Uncertainty in information seeking
Where did the idea come from? - I
- Tefko Saracevic:
- ďIf the IR pioneers did not embrace relevance, but letís say uncertainty as the basic notion, IR theory, practice, and evaluation would have looked very different.Ē
- (Saracevic, T. Relevance reconsidered, in: Ingwersen, P. & Pors, N.O., eds. Proceedings: COLIS 2 Second International ConferenceÖ Copenhagen: Royal School of Librarianship, 1996, p. 202)
Where did the idea come from? - II
- Information seeking as goal-directed behaviour
- developed in a paper for Gernot Wersig in the early 1980s - not published
Goal directed behaviour
Putting it together
- In goal-directed behaviour information-seeking actions are performed when some uncertainty exists about how to progress.
- That is, uncertainty resolution is the aim of information-seeking behaviour.
- This led to the idea of using uncertainty resolution in a problem solving model.
The problem solving model
Other models - Ellis
Other models - Kuhlthau
- Exploration - investigate
- Generalised models may assume that everyone does things in the same way.
- We know that individuals differ in the way they approach problems.
- We know that cognitive style, discipline, and sex affect many aspects of learning.
- What is their effect on information seeking?
The research questions
- Does the problem-solving model hold?
- Is the concept of uncertainty capable of being operationalised?
- Is there any association between different problem stages and either Ellisís characteristics or Kuhlthauís stages?
- Is there any association between Ellisís characteristics and Kuhlthauís stages?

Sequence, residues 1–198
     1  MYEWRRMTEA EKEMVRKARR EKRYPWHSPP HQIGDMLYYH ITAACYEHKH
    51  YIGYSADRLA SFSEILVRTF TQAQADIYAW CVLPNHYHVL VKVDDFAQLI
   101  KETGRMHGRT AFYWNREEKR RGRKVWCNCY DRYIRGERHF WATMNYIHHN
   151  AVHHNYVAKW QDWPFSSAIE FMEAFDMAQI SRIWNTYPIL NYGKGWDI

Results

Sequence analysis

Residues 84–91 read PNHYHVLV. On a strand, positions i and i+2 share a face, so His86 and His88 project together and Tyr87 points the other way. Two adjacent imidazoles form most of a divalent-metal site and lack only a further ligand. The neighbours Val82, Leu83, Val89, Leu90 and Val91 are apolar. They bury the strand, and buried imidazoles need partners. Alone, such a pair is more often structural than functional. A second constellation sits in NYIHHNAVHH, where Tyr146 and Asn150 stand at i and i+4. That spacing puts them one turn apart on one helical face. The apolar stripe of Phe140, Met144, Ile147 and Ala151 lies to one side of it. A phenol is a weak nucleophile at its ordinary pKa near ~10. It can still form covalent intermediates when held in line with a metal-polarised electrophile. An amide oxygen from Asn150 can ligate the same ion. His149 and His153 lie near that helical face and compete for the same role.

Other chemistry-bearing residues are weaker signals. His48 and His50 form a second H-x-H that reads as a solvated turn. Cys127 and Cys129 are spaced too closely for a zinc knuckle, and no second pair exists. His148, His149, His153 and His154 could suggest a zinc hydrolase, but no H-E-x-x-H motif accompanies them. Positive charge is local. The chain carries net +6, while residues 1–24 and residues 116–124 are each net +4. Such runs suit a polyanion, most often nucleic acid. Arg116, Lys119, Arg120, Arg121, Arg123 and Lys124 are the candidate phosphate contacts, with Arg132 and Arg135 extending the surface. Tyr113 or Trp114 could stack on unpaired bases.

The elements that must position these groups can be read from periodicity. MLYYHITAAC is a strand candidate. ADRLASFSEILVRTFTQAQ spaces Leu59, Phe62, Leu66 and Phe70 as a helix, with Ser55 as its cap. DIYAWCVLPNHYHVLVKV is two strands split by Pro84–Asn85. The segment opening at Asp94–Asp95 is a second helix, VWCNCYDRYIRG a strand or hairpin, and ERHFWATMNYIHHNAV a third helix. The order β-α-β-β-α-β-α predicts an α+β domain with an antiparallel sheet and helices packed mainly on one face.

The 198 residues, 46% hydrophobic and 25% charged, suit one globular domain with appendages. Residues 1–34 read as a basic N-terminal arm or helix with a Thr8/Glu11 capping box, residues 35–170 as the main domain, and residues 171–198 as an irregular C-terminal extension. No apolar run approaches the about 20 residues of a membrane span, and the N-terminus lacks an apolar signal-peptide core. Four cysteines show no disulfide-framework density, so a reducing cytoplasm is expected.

- What is the effect of individual differences?
Some results - 1.1
- 2.2 What stage are you at in terms of defining or resolving the problem, or in presenting the answer?
- Please respond using one of the categories indicated below. If no single category sums up where you are in your work please indicate the approximate position.
Some results - 1.2
Some results - 2.1
- How certain are you:
- a) that you have recognised a real issue to investigate?
- b) that you have defined the topic appropriately?
- c) that the issue can be resolved?
- d) that an effective way of presenting the results can be found?
- e) that relevant information is available and can be found?
Some results - 2.2 - the scale
Some results - 2.3 - issue?
Some results - 2.4 - def?
Some results - 2.5 - resoln?
Some results - 2.6 - presn?
Some results - 2.7 - info?
Some results - 2.8 - uncert.
- Problem identification 6.9275 1.5261
- Problem definition 6.0436 1.8686
- Problem resolution 6.1118 1.8457
- Results presentation 6.4889 1.5760
- Information available 5.9762 1.9548
Some results - 3.1
- Problem stage and Kuhlthau stage:
- sig. .001 for Exploration:Definition
- sig. .000 for Presentation:Resolution
- These are the only significant relationships and the last looks rather odd!
Some results - 3.2
- Problem stage and Ellisís characteristics:
- there were no significant relationships between problem stage and Ellisís characteristics, suggesting that Ellis is right in regarding these as characteristics of the search process (which may occur at any problem stage) rather than as stages.
Some results - 4.1
- Kuhlthau/Ellis relationships:
- Collection:Monitoring - Chi-square sig at .022
- Formulation:Monitoring - sig. at .012
- Formulation:Extracting - sig. at .036
- Initiation:Monitoring - sig. at .009
- Presentation:Browsing - sig. at .055
Some results - 5
- Individual differences:
- the individual differences variables have not yet been fully explored, but some relations that are emerging show significant relations between some information seeking variables and the verbaliser/imager scale; between those variables and age; and between those variables and sex.
Some results - 5.1 - discip
Some results - 5.2 - discip
- Variables explored in qualitative research can be tested and validated in quantitative research.
- Large-scale projects can explore many dimensions of a project.
- Information seeking behaviour is as complex as we always believed!